The March of Wales, 1067-1300

A Borderland of Medieval Britain

Author(s) Max Lieberman

Language: English

Genre(s): Welsh Interest

  • May 2008 · 160 pages ·216x138mm

  • · Paperback - 9780708321157
  • · Hardback - 9780708321164
  • · eBook - pdf - 9781786833754
  • · eBook - epub - 9781786833761

About The Book

By 1300, a region often referred to as the March of Wales had been created between England and the Principality of Wales. This March consisted of some forty castle-centred lordships extending along the Anglo-Welsh border and also across southern Wales. It took shape over more than two centuries, between the Norman conquest of England (1066) and the English conquest of Wales (1283), and is mentioned in Magna Carta (1215). It was a highly distinctive part of the political geography of Britain for much of the Middle Ages, yet the medieval March has long vanished, and today expressions like 'the marches' are used rather vaguely to refer to the Welsh Borders.

What was the medieval March of Wales? How and why was it created? The March of Wales, 1067-1300: A Borderland of Medieval Britain provides comprehensible and concise answers to such questions. With the aid of maps, a list of key dates and source material such as the writings of Gerald of Wales (c.1146-1223), this book also places the March in the context of current academic debates on the frontiers, peoples and countries of the medieval British Isles.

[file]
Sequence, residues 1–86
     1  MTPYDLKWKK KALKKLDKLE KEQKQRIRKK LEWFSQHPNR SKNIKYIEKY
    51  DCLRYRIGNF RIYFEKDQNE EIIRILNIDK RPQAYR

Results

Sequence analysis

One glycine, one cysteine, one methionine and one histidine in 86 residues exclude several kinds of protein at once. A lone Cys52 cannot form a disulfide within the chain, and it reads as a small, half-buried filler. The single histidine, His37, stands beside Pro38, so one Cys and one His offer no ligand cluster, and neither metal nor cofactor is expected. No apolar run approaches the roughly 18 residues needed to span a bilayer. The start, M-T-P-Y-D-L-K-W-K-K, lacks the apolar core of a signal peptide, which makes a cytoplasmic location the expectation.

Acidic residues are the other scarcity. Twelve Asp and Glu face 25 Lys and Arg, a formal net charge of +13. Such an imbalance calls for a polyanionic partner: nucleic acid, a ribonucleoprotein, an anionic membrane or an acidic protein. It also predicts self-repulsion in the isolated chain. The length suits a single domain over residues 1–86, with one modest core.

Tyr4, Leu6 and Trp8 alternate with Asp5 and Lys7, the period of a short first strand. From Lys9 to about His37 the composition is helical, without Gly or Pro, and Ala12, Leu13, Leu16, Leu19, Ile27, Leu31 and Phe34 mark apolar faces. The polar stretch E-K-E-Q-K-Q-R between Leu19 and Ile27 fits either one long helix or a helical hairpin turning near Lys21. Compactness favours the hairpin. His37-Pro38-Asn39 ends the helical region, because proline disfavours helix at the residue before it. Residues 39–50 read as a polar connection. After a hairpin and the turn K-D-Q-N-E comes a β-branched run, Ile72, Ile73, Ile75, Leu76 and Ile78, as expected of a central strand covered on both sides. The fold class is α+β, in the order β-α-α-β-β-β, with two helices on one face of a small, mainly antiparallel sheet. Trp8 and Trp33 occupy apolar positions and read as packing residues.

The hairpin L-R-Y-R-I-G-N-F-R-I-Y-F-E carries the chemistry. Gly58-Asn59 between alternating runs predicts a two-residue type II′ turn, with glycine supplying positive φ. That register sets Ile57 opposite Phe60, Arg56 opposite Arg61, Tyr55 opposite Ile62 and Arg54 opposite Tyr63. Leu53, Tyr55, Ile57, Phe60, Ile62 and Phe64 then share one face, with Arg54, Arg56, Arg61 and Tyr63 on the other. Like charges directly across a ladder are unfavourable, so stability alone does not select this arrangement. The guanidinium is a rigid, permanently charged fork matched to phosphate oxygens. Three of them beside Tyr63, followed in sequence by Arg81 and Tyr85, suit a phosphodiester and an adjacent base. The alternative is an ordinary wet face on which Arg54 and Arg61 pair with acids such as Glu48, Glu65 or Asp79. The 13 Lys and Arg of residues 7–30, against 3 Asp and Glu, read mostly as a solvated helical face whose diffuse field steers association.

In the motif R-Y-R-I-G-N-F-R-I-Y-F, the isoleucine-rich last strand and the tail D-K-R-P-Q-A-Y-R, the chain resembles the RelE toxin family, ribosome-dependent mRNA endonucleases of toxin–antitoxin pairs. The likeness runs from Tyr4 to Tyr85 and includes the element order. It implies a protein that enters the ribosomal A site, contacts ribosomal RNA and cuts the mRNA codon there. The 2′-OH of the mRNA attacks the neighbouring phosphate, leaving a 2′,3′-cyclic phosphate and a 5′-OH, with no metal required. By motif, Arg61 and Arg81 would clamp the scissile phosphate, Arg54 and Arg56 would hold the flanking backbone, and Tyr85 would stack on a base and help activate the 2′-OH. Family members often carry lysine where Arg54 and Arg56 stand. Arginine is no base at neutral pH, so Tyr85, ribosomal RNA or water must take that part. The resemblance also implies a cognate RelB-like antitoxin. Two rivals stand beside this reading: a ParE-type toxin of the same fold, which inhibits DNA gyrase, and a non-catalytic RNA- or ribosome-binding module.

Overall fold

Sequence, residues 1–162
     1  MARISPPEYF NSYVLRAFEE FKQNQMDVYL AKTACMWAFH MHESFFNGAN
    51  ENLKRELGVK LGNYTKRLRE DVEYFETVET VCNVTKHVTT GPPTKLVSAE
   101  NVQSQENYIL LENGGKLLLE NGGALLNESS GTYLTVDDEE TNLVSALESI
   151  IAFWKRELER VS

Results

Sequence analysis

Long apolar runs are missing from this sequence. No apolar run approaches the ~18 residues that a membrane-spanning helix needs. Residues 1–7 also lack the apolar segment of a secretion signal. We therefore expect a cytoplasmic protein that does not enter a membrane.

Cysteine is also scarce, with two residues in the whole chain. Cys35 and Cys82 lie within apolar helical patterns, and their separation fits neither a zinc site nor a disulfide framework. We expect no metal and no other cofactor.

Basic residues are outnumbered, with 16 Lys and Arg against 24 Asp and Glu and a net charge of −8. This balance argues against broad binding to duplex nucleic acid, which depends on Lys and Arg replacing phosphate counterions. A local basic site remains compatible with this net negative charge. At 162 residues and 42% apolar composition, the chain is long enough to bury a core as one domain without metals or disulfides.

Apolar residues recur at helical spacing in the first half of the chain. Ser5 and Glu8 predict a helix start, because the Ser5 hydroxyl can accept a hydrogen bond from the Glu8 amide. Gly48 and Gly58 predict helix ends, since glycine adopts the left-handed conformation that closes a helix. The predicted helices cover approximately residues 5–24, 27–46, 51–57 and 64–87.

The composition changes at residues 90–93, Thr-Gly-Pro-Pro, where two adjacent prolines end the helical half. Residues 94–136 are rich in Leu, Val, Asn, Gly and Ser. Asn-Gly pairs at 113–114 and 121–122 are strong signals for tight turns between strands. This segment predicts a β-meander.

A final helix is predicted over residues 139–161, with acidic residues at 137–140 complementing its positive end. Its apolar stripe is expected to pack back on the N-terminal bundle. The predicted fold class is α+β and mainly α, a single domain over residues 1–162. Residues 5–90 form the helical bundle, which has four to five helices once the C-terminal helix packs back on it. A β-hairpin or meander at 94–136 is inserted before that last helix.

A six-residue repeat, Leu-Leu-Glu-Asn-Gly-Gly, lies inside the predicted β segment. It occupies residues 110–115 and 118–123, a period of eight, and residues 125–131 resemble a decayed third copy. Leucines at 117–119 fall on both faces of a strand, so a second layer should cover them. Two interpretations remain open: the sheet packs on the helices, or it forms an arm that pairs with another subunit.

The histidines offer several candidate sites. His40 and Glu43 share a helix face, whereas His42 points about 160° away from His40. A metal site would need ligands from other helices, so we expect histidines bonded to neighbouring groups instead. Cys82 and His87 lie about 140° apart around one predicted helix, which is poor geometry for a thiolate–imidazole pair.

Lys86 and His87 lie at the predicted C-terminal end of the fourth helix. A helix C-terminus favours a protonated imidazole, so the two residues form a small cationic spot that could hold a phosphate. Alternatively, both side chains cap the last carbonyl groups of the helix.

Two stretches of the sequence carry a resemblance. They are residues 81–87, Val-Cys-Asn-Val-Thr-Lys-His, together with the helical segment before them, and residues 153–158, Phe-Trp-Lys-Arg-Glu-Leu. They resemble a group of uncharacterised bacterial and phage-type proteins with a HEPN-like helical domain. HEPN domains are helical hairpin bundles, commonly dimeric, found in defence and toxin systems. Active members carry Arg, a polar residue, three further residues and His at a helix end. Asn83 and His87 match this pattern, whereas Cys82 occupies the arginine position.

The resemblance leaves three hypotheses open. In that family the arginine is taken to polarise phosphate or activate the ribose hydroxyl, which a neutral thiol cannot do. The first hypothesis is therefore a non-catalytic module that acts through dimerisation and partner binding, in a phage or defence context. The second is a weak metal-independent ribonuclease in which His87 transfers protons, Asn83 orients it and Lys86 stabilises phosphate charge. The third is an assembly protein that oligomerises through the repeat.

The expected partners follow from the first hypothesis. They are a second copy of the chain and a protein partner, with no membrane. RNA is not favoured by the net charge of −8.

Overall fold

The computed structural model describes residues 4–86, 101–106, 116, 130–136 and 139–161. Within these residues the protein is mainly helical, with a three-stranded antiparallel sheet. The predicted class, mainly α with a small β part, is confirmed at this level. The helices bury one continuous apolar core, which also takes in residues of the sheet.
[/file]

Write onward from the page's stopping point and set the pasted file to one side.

"This is a well-written study which is full of interesting information about the people who were involved in the history of the March, in various capacities. In his introduction, the author hopes that his study will stimulate further research and discussion on the history of the Welsh March. This fascinating book should make that wish a distinct possibility."Rachel Bellerby,

About the Author(s)

Author(s): Max Lieberman

Dr Max Lieberman is Research Fellow at Wolfson College, University of Cambridge.

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